There’s no question that the life stories of outsider/outlier artists read very differently from tales of artists hanging out with peers in cafés, bars, university campuses and other well-worn homes of avant-garde art. Ramírez or Traylor’s lives had little to do with the venerated Picassos or Bauhaus artists of their lifetimes. Born around 1853, Bill Traylor was a slave in the American Deep South who worked on cotton plantations, becoming a labourer and, it is believed, a sharecropper after abolition. When he got too old to work, in his 80s, he moved between the homes of his children (he had about 15) and life on the street.
Traylor began drawing on scraps of cardboard at around the age of 85 while living rough on the streets of Montgomery, Alabama. A young artist called Charles Shannon noticed his talent and supplied him with money and materials, and then kept most of his drawings safe – approximately 1,200 survive, made between 1939 and 1942.
His subjects include roughly drawn people, cows and horses rendered with spiky limbs, mouths and eyes, sometimes featuring top hats or carriages. The figures point, kick or bark instructions, blending past and present and the woes, joys, frustrations and insights of man and beast. For all their “outsider”-ness, the pared-down, stylised aesthetic is in sync with modernist ideals of ignoring art historical tradition. It feels very much of its time.
It was only a few years later in mainstream art history that the CoBrA movement in Europe, with artists such as Karel Appel, called for artists to break with all existing art movements and go back to a more spontaneous, primitive approach. In France, painter/sculptor Jean Dubuffet began building his art brut collection, which profoundly affected his practice. Among the artists he collected was Aloïse Corbaz (1886-1964), a governess at the court of Kaiser Wilhelm II in Potsdam. She became infatuated with the emperor and made intense paintings of her fantasised love affairs, with embracing couples and courtly scenes. Her work Aristoloches sold for a record $137,500 at auction in 2018.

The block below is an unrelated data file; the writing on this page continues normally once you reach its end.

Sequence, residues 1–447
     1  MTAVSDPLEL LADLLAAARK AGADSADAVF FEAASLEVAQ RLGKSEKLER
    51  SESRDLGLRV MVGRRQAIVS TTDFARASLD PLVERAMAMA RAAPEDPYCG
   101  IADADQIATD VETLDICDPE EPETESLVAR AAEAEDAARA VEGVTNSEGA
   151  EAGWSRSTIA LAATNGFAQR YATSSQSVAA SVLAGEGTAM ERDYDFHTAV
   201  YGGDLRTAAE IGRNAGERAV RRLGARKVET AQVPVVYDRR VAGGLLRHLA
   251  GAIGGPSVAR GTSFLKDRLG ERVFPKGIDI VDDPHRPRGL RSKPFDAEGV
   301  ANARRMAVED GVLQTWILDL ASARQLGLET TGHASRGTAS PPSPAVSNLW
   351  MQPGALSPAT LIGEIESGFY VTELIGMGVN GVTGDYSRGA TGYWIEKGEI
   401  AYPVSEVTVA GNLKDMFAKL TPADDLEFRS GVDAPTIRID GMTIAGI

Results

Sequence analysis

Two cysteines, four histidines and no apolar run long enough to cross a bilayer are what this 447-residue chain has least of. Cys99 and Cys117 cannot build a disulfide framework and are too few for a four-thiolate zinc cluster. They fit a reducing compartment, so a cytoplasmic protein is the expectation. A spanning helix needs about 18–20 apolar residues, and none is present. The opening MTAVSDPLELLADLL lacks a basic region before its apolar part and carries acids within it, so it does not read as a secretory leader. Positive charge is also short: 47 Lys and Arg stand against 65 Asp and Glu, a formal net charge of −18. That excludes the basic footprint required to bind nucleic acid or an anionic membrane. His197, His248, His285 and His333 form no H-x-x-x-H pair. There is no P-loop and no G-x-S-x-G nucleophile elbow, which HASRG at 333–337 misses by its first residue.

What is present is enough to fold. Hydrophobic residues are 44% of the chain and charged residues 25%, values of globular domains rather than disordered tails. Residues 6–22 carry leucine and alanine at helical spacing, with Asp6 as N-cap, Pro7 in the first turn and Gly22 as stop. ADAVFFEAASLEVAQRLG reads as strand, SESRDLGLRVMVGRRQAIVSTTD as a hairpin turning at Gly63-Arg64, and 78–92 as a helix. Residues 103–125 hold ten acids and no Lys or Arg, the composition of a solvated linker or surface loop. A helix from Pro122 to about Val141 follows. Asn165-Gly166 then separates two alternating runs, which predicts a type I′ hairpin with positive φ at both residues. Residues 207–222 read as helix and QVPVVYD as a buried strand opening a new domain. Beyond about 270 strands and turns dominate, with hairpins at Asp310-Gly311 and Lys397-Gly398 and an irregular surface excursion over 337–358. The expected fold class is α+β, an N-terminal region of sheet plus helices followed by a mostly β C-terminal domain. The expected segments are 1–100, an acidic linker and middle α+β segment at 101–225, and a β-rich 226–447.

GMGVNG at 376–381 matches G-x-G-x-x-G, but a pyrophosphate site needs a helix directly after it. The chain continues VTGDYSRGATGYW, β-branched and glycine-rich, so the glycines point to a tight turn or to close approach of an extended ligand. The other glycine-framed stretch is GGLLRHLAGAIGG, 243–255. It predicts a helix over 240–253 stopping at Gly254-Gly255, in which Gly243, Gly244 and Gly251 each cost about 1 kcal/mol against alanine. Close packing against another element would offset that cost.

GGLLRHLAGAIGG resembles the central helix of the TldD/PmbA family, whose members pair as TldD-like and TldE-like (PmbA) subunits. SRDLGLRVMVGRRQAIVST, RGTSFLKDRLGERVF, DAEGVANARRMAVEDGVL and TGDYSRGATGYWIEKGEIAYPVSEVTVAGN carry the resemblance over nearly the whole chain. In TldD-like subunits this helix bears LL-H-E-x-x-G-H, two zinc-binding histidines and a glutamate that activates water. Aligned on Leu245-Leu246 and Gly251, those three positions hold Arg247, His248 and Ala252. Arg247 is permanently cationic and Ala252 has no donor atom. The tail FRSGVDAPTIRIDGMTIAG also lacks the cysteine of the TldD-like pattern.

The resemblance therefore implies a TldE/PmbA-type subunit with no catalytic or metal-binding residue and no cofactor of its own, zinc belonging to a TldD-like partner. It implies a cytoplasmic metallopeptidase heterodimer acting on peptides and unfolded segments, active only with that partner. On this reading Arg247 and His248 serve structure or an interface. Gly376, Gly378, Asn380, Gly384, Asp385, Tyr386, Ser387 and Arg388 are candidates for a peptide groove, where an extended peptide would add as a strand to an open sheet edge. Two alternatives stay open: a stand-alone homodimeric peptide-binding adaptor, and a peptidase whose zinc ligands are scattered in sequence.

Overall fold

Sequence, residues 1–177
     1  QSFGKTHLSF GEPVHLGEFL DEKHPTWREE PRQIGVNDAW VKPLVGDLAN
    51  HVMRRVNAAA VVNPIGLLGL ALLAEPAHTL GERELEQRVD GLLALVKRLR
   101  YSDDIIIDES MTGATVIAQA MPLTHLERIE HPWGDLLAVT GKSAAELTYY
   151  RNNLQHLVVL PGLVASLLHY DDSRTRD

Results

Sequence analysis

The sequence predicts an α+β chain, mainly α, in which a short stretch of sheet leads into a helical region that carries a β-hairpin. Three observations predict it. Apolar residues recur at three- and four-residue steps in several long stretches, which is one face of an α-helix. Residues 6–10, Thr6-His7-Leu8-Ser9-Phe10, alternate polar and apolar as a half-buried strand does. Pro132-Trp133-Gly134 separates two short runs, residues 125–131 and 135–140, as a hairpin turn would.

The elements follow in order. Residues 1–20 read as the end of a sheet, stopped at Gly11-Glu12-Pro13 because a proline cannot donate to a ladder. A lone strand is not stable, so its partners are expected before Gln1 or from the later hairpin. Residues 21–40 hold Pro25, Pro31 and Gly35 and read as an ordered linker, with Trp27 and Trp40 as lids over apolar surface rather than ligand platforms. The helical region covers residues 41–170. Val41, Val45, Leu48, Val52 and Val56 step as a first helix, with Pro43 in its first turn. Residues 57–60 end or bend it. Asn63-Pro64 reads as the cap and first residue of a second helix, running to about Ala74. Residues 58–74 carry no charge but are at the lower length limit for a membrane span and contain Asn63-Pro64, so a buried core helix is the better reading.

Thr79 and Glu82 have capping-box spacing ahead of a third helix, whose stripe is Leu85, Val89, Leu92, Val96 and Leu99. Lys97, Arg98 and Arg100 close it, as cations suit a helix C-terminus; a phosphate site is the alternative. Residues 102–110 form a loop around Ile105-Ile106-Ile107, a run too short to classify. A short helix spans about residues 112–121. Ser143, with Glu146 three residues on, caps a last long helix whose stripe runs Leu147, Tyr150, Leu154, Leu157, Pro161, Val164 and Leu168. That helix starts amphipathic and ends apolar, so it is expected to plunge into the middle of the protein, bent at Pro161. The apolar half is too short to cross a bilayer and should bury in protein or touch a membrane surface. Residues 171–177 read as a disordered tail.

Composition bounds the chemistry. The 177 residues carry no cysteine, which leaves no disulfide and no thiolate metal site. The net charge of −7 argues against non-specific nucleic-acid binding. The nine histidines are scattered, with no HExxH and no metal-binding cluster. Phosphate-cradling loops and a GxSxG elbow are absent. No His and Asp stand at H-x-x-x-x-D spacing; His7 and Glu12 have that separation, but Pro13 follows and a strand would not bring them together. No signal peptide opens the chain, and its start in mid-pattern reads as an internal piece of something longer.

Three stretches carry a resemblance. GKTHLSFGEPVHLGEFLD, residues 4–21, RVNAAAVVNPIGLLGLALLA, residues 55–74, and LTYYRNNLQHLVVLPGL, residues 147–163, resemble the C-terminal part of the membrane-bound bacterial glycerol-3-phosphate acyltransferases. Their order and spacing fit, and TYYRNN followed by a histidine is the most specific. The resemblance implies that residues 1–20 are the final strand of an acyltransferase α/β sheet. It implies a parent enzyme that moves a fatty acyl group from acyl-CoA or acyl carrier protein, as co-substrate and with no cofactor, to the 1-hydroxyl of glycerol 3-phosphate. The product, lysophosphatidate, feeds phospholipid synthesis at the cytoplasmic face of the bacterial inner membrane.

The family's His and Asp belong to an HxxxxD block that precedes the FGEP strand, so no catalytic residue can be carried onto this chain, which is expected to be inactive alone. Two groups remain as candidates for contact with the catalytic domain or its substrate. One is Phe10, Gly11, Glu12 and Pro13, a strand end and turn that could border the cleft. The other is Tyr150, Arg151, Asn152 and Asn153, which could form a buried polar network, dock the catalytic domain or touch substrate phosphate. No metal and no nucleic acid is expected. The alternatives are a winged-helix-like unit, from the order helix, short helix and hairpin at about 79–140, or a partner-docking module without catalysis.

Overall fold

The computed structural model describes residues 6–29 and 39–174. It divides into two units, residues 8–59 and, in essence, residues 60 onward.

An artist who featured in both Cooke’s and Téllez’s shows was the aforementioned Mexican migrant Martín Ramírez (1895-1963), who grew up in Tepatitlán, Mexico, where as a young adult he worked as a sharecropper, rode horses, married and had three children. There was a fourth on the way when debt drove him to migrate to the US to find a job. He spoke no English, and ended up on the back-breaking building of the California railroads from 1925. He was then laid off in 1930 in the Great Depression. Homeless, in 1931 he was diagnosed with catatonic schizophrenia and institutionalised. He remained in care for the next 30 years until he died.
Ramírez glued together bits of paper with a paste he made out of bread or potato and spit until he had a large enough surface to draw on. Many of his drawings were thrown away, but in the last 15 years of his life one of his doctors took an interest and roughly 300 drawings survive, some on torn pieces of medical examination-table paper. He repeated similar motifs over and over – men on horseback, trains, cars, Madonnas and more – almost always surrounded by rhythmic architectural lines, blending biographical moments with aspects of his Mexican and American experiences, and occasionally a touch of Hollywood. Reviewing his 2007 show at the American Folk Art Museum, the New York Times’s art critic Roberta Smith declared that Ramírez’s work “should render null and void the insider-outsider distinction… He belongs to the group of accessible, irresistible genius draftsmen that includes Paul Klee, Saul Steinberg and Charles Schulz.” Ramírez’s works sell for $25,000 to $600,000 on the private market.